Coronary heart disease: How to keep the heart fit

Coronary heart disease is one of the most common heart diseases in the world. It can lead to heart attacks, cardiac arrhythmias and other serious consequences. We are talking about coronary heart disease (CHD for short) - a disease in which the heart is no longer supplied with sufficient oxygen and nutrients. Older people are particularly affected. But the good news right at the start is that this heart disease can be treated well by changing one's lifestyle and taking medication regularly.

The older we get, the more calcium deposits are found in our arteries and vessels. If the heart arteries become narrowed by deposits (arteriosclerosis), the heart no longer receives enough blood - and therefore not enough oxygen and nutrients. The most common symptom of CHD is sudden, severe pain behind the breastbone. This pain is also known as "angina pectoris".

Who is particularly affected and what can be done to minimize the risk?

Primarily older people are affected, men about twice as often as women. However, age and gender are not the only risk factors. Similar to other diseases, personal lifestyle as well as family predisposition play a major role here. Anyone who knows that there are cases of coronary heart disease in the family should exercise regularly, eat a healthy and balanced diet, and avoid stress as far as possible. Smoking, excessive alcohol consumption and being highly overweight also promote heart disease.

Symptoms: Recognizing coronary heart disease

The dangerous thing about coronary heart disease is that it is not always noticed immediately. Not until the vessels are already severely constricted and significantly less blood reaches the heart compared to healthy people are symptoms experienced. And severe chest pain is not the only symptom; sweating, shortness of breath and feelings of panic can also be signs of coronary heart disease. The above symptoms are often triggered by high physical or mental stress or by cold. Complaints can also occur after a particularly sumptuous meal. Important to know: If you experience any of these symptoms, you should call the emergency services immediately as a precaution.

Diagnosis and treatment of coronary artery disease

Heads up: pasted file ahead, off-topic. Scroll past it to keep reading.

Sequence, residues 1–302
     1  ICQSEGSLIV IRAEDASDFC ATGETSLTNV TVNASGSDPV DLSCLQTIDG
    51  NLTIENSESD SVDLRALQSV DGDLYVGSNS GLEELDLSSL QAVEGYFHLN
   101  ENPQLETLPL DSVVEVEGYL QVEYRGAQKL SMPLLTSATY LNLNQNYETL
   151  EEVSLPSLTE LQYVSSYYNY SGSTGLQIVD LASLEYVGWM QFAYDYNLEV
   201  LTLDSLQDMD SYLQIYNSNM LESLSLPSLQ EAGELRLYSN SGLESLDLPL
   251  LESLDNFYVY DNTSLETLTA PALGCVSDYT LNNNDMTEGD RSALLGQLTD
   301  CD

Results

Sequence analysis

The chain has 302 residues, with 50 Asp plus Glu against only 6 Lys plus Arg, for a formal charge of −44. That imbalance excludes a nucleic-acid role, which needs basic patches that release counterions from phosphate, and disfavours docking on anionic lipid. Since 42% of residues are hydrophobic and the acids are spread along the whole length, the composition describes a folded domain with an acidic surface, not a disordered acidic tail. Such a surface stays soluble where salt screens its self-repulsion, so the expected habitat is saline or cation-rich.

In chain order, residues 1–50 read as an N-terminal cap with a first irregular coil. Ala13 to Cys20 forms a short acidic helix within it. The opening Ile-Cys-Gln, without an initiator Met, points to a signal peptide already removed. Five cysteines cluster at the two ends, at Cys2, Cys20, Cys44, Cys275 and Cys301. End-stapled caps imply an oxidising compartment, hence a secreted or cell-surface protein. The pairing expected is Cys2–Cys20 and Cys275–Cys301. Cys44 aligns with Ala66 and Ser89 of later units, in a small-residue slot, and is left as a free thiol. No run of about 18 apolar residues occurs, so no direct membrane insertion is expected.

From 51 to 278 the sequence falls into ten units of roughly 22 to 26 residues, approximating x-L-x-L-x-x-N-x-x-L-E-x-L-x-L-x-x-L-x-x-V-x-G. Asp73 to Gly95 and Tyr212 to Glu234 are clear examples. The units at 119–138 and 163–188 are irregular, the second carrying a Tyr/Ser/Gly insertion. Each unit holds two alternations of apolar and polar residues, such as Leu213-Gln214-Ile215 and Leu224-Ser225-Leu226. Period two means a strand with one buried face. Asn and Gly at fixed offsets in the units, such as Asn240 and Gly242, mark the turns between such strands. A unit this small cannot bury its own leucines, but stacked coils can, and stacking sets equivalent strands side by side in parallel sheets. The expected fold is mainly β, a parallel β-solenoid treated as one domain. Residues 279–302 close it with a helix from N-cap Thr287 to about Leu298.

Diagnosis is often made rather quickly based on a description of the symptoms experienced. In most cases, however, a comprehensive examination, by means of resting ECG, stress ECG and cardiac ultrasound examination is necessary. Only in this way is it possible to determine the extent to which the heart and coronary arteries are already impaired in their work. Based on the results of the examination, CHD patients are given an individually tailored treatment plan, with the aim of widening the narrowed coronary arteries again and thus improving blood flow and supply to the heart muscle. Typical risk factors such as high blood pressure and high cholesterol levels are also treated with medication.

Medications commonly used for long-term treatment are listed below:

  • ACE inhibitors: they prevent the production of the hormone that leads to narrowing of the arteries (angiotensin II). They also ensure that the aorta is better supplied with blood.
  • Angiotensin II inhibitors: They prevent the action of the hormone angiotensin II, which narrows the arteries.
  • Beta-blockers: They ensure that stress hormones do not take effect on the heart muscle and blood vessels. As a result, the heart beats slower and improves blood flow to the heart muscle.
  • Diuretics: These help the body eliminate excess fluid stored in the tissues. This also relieves the heart.

Keeping coronary heart disease under control: with the TOM app.

It is vital to take medications for coronary artery disease regularly. If you have trouble keeping track of the different medications or sometimes forget to take them, the TOM app can help. The app tells you every day which medication you need to take and when. You can also easily add or remove medications in the app's virtual medicine cabinet. Download the TOM app now and manage your coronary artery disease safely!

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